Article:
We tend to think of tension in terms of stress. But tension isn’t always negative. Think how important it is to stretch cold muscles before a work out at the gym. Without the tension, you risk injury.
Leaders of productivity experience healthy tension as well. It’s not enough to employ positive time management practices or set up disciplined regimens. Everyone’s work is in a constant state of change, which means our leadership needs to adapt as well. What represented high productivity yesterday may not be productive tomorrow.
Here are five ongoing tensions all productive leaders consider in their quest to stay effective.
1. Activate – What am I not doing that I should be doing?
We pay attention to the tasks we perform, but it takes discipline to consider the ones outside our purview. No one wants to underperform a critical task that’s on their plate. But what about the critical task that’s not on their plate, but should be? When situations change, our mix of responsibilities should change as well.
2. Accelerate – What am I doing that I should be doing faster?
Thank goodness for innovation! Without it, we’d be stuck doing the same tasks in the same old way. But unless we embrace new methods, that’s exactly what happens. Productive leaders are constantly on the lookout for ways to innovate their current practices, even if those practices seem to be working fine.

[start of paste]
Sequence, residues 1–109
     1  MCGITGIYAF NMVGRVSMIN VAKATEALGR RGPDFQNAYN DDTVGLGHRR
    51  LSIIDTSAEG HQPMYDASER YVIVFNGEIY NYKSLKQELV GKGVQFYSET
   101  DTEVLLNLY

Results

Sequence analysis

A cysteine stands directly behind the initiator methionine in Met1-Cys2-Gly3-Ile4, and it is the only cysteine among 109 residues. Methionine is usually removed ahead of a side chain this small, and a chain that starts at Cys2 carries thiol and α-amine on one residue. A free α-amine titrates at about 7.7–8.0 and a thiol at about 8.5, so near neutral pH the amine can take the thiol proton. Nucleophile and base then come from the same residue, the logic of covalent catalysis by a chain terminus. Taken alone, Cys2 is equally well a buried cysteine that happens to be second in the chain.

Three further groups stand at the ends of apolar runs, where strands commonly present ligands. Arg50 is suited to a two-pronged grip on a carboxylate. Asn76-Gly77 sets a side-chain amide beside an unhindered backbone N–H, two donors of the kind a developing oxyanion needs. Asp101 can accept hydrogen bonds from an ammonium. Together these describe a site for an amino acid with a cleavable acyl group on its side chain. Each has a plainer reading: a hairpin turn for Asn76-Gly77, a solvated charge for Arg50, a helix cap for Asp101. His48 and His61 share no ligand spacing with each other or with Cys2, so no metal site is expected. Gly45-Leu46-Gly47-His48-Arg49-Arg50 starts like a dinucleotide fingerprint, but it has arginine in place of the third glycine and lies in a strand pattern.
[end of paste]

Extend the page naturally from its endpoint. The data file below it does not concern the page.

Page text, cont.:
3. Automate – What am I doing that a system should be doing?
We’ve all benefitted from the force multiplier effect of technology for decades, even in the minute details of our work. That said, we’re almost always still performing more tasks manually than we should be. Looking for an automated solution is the modern day equivalent of “sharpening the saw” so we don’t exert a higher effort than we should.
4. Delegate – What am I doing that I should hand off to someone else?
If delegation was easy, everyone would be doing it. It can be uncomfortable to let go of work we do well and to ask others to do more. But as our leadership responsibility grows, our capacity will be stretched. Productive leaders think ahead about which tasks they may need to delegate – and who would be the right people to take those tasks on.
5. Eliminate – What am I doing that no one should be doing?
Stephen Covey once said, “Things which matter most must never be at the mercy of things which matter least.” Sometimes less is more – a lot more. It’s worth taking a periodic audit of the tasks that produce the least results. If you cut out 20% of the bottom tasks altogether, where could that effort be re-focused?
Ultimately, productivity isn’t a one-time thing. It’s an ongoing commitment to effectiveness. At the end of the day, productivity isn’t about making new rules or setting new boundaries that box us in. It’s about focusing our work so it sets us free to accomplish what’s most important.
This article is included in the Leadership-in-a-Box® program:
Time Management & Productivity
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